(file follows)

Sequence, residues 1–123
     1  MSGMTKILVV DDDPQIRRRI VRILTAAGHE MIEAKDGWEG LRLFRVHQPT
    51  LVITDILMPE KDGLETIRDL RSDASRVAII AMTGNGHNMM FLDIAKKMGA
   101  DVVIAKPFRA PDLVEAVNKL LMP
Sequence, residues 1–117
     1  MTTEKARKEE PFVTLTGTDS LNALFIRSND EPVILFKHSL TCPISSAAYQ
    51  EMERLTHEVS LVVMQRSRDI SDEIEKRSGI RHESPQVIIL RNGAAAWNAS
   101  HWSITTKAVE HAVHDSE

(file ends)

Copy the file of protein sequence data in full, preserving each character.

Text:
Sequence, residues 1–123
     1  MSGMTKILVV DDDPQIRRRI VRILTAAGHE MIEAKDGWEG LRLFRVHQPT
    51  LVITDILMPE KDGLETIRDL RSDASRVAII AMTGNGHNMM FLDIAKKMGA
   101  DVVIAKPFRA PDLVEAVNKL LMP
Sequence, residues 1–117
     1  MTTEKARKEE PFVTLTGTDS LNALFIRSND EPVILFKHSL TCPISSAAYQ
    51  EMERLTHEVS LVVMQRSRDI SDEIEKRSGI RHESPQVIIL RNGAAAWNAS
   101  HWSITTKAVE HAVHDSE